John Rogers

Professor of English

John Rogers, B.A., M.A., Ph.D. Yale University, faculty member at Yale since 1990: You are the trifecta, the consummate Yalie. Starting as a promising undergraduate in 1982, you had a brilliant undergraduate career, an equally brilliant graduate career, and joined the faculty as an assistant professor with barely a pause in your progress. 

Your scholarship is centered on the seventeenth century, and there you have written on a range of literary and cultural topics, from the poetry of Aemelia Lanyer and Andrew Marvell to the physico-theological speculations of Isaac Newton. Your first book, The Matter of Revolution, concerning the cultural intersection and cross-currents between the English and Scientific revolutions, was widely noted as a  stunning contribution to both literary and intellectual history. It won the Milton Society of America’s James Holly Hanford Award for Outstanding Book and the Modern Language Association’s First Book Prize. Your other work on Milton has also been equally lauded: you twice won the Milton Society of America’s Hanford Award for the year’s outstanding article on Milton. Your recent studies of Milton’s heterodox theology and metaphysics are creating scholarly excitement by tracing the poet’s influence into American religious history.

These professional accomplishments would be enough to cement your place in Yale history – but in your case there is much more. You have been both a legendary graduate teacher and mentor and a wonderful undergraduate teacher. Your undergraduate Milton lecture course, which in other circumstances might have drawn an audience of 20 but in your case regularly attracted well over 100, helped to bring you the Sidonie Miskimin Prize for Teaching, an award that is symbolic of all you gave to Yale students in that arena over many years. Your course has enjoyed and continues to enjoy international success as one of Yale’s free online courses.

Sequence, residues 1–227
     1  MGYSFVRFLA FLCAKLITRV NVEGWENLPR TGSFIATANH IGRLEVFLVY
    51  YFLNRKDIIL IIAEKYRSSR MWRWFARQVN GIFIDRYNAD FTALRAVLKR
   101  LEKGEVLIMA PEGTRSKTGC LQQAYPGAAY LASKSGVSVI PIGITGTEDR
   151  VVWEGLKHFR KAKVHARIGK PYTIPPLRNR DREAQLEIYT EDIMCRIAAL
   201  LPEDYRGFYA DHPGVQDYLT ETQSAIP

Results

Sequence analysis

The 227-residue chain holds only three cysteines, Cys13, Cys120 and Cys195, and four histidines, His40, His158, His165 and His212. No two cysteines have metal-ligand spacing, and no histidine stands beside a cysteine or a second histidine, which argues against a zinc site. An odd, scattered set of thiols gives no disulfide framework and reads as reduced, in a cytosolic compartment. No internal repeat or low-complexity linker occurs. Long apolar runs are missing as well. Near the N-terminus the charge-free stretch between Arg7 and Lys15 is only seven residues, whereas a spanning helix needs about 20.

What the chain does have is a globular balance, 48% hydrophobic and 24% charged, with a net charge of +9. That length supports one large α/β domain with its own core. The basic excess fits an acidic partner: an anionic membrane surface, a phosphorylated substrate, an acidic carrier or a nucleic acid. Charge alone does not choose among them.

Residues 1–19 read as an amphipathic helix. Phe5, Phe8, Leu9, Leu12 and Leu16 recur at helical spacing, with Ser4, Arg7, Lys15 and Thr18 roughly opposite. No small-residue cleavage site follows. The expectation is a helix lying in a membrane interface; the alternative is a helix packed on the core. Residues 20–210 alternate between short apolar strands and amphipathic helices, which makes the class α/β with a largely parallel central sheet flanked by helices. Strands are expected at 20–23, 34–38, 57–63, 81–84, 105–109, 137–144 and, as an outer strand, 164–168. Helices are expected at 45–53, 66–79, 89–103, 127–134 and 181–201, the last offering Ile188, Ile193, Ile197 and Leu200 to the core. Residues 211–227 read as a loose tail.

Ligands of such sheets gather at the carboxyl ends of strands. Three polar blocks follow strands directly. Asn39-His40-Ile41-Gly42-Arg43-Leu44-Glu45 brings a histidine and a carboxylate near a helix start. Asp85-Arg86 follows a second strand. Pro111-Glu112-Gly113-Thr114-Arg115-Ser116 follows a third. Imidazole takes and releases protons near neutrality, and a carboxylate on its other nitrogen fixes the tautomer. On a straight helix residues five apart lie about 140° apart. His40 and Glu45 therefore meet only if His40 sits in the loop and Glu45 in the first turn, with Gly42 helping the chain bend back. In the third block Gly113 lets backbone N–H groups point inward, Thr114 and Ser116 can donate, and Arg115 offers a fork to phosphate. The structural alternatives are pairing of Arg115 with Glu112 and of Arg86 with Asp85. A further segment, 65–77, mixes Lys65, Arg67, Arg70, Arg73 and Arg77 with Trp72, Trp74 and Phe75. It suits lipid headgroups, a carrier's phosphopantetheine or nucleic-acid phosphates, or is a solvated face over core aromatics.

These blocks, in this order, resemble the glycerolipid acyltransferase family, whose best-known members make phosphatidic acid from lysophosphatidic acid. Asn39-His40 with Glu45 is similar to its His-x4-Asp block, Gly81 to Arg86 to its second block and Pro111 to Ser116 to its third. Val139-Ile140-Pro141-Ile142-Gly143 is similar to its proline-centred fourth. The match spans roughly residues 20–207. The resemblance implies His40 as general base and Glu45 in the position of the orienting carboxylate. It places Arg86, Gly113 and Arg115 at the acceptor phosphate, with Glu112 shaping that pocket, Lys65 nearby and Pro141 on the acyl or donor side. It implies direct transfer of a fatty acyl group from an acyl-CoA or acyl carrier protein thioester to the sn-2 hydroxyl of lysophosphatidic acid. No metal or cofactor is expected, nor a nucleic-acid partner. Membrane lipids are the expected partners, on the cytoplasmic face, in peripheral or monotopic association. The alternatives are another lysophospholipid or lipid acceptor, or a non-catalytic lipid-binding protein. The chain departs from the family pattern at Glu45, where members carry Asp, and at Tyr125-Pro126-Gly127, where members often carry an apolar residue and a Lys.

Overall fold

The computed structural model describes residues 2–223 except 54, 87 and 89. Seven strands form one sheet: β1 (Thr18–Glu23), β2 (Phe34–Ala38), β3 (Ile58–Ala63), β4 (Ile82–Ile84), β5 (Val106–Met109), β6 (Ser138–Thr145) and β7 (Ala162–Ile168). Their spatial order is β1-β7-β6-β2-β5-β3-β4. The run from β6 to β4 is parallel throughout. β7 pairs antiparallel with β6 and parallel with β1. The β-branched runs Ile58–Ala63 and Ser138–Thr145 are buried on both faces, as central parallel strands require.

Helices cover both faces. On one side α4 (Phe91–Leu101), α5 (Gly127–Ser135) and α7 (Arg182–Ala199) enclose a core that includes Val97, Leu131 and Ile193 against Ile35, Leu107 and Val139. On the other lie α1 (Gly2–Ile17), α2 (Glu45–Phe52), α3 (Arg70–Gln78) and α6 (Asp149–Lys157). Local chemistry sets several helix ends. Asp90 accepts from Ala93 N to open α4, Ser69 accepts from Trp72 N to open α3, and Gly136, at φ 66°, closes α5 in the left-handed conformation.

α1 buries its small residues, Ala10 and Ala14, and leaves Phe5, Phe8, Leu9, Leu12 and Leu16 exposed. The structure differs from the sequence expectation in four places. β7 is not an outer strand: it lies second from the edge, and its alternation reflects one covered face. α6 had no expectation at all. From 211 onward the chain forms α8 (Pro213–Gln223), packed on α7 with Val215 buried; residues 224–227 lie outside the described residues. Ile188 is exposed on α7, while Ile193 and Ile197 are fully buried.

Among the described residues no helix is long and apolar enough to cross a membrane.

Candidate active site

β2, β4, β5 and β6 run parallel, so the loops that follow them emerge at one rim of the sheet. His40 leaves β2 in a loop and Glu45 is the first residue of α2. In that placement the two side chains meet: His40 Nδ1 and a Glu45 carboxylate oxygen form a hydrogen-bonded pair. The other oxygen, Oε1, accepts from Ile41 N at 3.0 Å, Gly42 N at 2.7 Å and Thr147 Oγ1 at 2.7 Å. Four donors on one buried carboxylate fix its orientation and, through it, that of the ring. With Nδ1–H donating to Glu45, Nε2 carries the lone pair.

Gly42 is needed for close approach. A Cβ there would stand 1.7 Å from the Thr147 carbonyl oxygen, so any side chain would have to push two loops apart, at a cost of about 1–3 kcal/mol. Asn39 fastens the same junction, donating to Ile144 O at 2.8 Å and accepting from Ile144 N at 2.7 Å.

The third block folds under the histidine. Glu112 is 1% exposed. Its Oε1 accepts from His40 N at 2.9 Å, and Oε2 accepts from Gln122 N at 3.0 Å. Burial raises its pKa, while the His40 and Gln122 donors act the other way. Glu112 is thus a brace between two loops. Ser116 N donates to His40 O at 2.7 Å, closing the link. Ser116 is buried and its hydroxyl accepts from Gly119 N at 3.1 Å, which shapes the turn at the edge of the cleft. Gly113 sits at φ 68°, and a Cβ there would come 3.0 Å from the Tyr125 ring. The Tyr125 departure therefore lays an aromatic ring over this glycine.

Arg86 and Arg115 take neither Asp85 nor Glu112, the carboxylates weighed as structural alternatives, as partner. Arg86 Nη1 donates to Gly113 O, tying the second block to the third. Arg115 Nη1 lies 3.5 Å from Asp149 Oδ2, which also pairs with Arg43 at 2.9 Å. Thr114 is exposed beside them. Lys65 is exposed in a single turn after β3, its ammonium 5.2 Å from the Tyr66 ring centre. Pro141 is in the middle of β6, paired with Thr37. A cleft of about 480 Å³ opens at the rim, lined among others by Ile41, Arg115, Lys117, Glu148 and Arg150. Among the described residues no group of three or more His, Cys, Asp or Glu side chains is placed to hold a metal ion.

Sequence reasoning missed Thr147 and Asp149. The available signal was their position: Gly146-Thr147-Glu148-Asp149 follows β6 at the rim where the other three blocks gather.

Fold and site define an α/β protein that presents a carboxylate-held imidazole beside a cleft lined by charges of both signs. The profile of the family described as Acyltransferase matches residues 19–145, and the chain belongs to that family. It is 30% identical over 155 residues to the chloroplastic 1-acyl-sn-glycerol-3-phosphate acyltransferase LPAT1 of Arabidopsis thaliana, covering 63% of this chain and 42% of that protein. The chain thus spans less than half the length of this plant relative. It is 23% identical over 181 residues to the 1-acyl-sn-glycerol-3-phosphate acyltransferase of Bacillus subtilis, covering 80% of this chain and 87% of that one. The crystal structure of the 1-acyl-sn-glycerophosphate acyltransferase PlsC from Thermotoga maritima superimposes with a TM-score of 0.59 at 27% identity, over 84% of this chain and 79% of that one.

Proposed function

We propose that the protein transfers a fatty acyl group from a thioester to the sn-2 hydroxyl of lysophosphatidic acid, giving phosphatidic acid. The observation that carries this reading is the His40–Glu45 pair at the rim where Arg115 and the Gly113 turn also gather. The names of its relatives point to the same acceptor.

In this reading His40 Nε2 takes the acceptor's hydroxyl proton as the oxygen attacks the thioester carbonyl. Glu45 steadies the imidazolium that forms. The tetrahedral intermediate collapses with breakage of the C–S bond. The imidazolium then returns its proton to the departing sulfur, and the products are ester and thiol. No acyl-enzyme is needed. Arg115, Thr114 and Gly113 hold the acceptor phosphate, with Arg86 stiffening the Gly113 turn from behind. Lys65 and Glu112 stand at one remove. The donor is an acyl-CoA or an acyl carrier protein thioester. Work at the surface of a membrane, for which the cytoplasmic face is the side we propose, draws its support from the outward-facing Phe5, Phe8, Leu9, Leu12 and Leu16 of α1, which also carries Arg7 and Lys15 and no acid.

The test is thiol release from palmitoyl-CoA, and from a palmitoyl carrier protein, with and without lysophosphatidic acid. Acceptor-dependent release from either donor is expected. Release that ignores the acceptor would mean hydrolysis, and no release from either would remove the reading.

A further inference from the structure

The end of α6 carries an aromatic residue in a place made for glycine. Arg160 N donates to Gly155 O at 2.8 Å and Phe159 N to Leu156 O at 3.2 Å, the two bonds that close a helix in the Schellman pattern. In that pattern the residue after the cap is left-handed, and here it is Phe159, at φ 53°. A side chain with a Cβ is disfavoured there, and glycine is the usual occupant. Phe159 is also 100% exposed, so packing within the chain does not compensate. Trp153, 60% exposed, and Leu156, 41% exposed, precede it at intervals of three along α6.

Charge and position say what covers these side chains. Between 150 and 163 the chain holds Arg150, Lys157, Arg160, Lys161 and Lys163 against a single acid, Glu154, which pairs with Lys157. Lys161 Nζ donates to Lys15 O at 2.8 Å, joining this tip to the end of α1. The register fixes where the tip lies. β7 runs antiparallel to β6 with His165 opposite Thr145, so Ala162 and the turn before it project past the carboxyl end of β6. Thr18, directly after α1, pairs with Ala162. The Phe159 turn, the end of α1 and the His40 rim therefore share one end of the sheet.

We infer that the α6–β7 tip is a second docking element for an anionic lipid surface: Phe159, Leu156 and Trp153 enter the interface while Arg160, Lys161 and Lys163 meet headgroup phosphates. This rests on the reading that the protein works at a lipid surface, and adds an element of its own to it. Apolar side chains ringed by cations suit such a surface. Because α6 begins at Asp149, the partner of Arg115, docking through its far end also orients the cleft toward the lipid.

Berkeley College was lucky to have you as its eighth master for five years, during which time you gave time, energy, hospitality, and comfort to Berkeleyites, proving yourself a noble and beloved ranking officer of a college named in honor of the Bishop – Dean of Derry and Bishop of Cloyne – who endowed Yale with a gift of land and books in the eighteenth century. And is it possible that someone of such erudition might have been, in his youth, a Whiffenpoof, a gentleman songster? It is indeed. Yalie of many parts, as you retire from Yale to begin a new life as a professor at the University of Toronto, your university knows that while you may roam far, you will always be a part of Yale, one whom your students and colleagues will remember and cherish.